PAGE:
## Algorithms to use, find and check container elements

The STL algorithms offer a powerful way to solve some base programming use cases. If you know and use these algorithms you can write more clean, efficient and robust code. But unfortunately, it isn’t that easy to know or find the right algorithm for a use case. In my opinion, this is a result of the not practical kind of documentation – especially grouping of the algorithms is not related to practice – and on the other hand the unfavorable naming of some functions. Therefore, I write this series of articles and want to give a more practice-related overview about the STL algorithms.

Within this article I want to give an overview about the STL algorithms to use, find and check container elements. This is one of a series of articles. Within each of these blog post I want to summarize the STL algorithms regarding one kind of use case. This article shows the possibilities in case we want to use, find and check container elements but don’t want to change them.

Each section contains a list of the according STL algorithms with a short description. Additional you will find an example implementation which will show some of these algorithms. If you copy and execute the examples, you will see the results within the console window. Additional, you will see the results as comment within the source code.

Most of the standard algorithms take half-open sequences. “Half-open” means the start iterator refers to the first element of the sequence and the end iterator refers to the element behind the last element. Returning the end iterator of the sequence to indicate “not found” is a standard-library convention.

Use the container elements

 Algorithm Description for_each Loop over container elements and use these them within a function. for_each_n Loop from a starting element over the next n elements and use them within a function. accumulate Accumulates the elements of a container by using a given accumulation function and a start value. If you want to create a sum of all elements you can ommit the accumulation function as sum up is the default one. adjacent_difference Calculates the differences between adjacent elements and writes the result in a target container. The function will loop over all elements and create the difference of the actual element and its predecessor. As the first element does not have a predecessor it will be written directly to the target container. adjacent_difference (with operation) If you define an operation for this function, this operation will be used to calculate the result of all elements and their predecessors (see above function description). But in this case the name “adjacent_difference” is misleading as because we don’t calculate a difference. In my opinion, a better name for this algorithm, based on “for_each”, would be “for_each_adjacent”. partial_sum For each element, the sum of all previous elements is calculated and written to a target container. Therefore, the function calculates a partial accumulation for each element. partial_sum (with operation) The function calculates a partial accumulation for each element and writes this value to the target container. The accumulation is calculated according to the given operation. The name “partial_sum” is misleading as no sum is calculated. In my opinion, a better name would be “partial_accumulate”.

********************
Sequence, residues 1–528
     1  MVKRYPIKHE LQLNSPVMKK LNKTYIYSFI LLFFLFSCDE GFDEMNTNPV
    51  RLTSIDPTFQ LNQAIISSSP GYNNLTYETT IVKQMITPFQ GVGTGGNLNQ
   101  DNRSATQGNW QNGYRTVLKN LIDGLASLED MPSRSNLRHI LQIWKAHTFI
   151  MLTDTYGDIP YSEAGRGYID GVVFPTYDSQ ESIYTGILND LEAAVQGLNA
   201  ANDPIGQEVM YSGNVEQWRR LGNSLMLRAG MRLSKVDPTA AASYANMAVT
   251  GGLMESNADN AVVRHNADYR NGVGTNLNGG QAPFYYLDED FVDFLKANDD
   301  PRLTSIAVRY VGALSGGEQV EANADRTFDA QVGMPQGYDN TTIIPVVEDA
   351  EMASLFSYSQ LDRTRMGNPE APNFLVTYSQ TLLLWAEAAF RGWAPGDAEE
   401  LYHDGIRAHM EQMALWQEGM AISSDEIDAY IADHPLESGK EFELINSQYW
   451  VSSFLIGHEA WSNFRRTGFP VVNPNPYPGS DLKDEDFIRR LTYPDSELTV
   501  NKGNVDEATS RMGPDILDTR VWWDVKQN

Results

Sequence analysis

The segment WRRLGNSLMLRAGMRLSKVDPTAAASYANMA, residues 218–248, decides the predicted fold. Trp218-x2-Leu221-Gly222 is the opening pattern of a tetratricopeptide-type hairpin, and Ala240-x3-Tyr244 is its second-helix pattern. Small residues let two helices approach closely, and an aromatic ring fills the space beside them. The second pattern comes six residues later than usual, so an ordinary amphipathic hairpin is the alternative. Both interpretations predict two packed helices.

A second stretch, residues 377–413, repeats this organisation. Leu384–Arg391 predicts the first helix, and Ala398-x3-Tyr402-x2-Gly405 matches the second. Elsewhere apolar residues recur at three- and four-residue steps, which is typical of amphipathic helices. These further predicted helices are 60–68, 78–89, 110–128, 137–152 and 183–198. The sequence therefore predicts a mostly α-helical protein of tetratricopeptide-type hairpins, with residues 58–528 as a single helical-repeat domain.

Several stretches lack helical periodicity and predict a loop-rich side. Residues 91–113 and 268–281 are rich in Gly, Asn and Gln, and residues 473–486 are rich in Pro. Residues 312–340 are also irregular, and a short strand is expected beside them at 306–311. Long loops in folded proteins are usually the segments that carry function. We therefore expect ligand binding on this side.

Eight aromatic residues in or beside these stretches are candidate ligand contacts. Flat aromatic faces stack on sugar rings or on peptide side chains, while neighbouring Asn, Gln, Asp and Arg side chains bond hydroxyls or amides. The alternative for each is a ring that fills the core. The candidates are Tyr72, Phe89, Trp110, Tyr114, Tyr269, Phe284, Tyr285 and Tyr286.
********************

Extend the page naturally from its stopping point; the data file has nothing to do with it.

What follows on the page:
```void Print(const std::vector& data)
{
std::for_each(data.begin(), data.end(), [](int element){ std::cout << element << " "; });
std::cout << std::endl;
}

int _tmain(int argc, _TCHAR* argv[])
{
std::vector data{ 5, 7, 9, 2, 4 };
std::vector target;

// for each
std::for_each(data.begin(), data.end(), [](int element){ std::cout << element << std::endl; });

// accumulate
int sum = std::accumulate(data.begin(), data.end(), 100);
std::cout << sum << std::endl;   // output is '127'

int product = std::accumulate(data.begin(), data.end(), 1, std::multiplies());
std::cout << product << std::endl;   // output is '2520'

Print(target);    // output is '5 2 2 -7 2'

target.clear();
Print(target);    // output is '5 35 63 18 8'

// partial sum (without operation)
target.clear();